Cell discovery could help with research on genetic diseases

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Lab technician with microscope

Research carried out by the University has discovered the first data on an organelle that is really important in human cells in an ancient organism distantly related to humans.

The discovery will enable scientists to study the breadth and depth of cell biology. This has implications for research into autoimmune diseases, but also for Alzheimer’s and Parkinson’s.

Led by Dr Anastasios Tsaousis from the School of Biosciences, in collaboration with Dr Joel Dacks from the University of Alberta (Canada), a team of researchers discovered a rare form of an organised structure called a golgi in the microbial amoeba Naegleria gruberi that was previously considered to lack such an apparatus.

Dr Anastasios Tsaousis

In most cells, including healthy human cells, the golgi appears as flattened membranes resembling a stack of pancakes.

In a paper published in the Journal of Cell Science, the team explains how golgi works as part of the membrane-trafficking system. The golgi apparatus is central to the modification and transport of proteins to their cellular destination. It functions like the postal service of the cell, composed of a production centre for cellular material, a distribution centre where material is packaged and addressed, and then postal routes that relay packages to their eventual locations within the cell.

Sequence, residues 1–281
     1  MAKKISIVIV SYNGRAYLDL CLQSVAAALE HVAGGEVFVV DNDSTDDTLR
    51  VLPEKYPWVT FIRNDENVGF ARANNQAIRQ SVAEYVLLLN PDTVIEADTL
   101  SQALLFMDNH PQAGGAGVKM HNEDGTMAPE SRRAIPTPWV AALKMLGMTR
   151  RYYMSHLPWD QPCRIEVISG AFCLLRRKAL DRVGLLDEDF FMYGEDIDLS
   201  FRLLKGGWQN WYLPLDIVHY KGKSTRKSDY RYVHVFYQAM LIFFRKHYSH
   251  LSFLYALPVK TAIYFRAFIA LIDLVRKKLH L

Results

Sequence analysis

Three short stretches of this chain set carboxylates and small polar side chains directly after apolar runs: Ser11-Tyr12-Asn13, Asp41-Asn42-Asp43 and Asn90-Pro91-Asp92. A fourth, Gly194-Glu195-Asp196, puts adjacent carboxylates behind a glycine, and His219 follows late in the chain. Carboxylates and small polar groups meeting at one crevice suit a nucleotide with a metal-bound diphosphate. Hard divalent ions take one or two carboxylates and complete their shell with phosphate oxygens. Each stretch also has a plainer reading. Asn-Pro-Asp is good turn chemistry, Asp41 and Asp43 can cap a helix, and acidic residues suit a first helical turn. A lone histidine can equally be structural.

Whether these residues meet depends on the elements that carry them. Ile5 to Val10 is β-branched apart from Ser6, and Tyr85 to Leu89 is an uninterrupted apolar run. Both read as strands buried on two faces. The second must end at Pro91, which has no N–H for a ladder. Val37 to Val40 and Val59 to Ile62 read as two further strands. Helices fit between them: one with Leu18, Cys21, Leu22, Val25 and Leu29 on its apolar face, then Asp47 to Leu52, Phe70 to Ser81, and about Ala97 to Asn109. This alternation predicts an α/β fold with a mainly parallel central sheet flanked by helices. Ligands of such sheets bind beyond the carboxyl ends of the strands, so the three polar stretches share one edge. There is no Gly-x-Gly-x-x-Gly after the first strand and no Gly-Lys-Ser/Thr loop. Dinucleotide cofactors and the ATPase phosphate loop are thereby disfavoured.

By applying cell biological techniques to Naegleria, their research shows that the golgi is an unstacked, tubular membranous structure. This work provides the first direct evidence for the existence of a golgi apparatus as tubular compartments in Naegleria.

This work is important for human health as when golgi bodies malfunction it causes diseases such as Alzheimer’s, Parkinson’s and autoimmune diseases. Studying a naturally unstacked form of this organelle would allow better understanding of the relationship between golgi dysfunction and genetic diseases.

The project was a financially supported by the Royal Society and the Gordon and Betty Moore Foundation.

Identification and characterisation of the cryptic Golgi apparatus in Naegleria gruberi  by Emily K. Herman, Lyto Yiangou, Diego M. Cantoni, Christopher N. Miller, Francine Marciano-Cabral, Erin Anthonyrajah, Joel B. Dacks, Anastasios D. Tsaousis is published in the Journal of Cell Science where it also appears in the ‘Research Highlights’ section.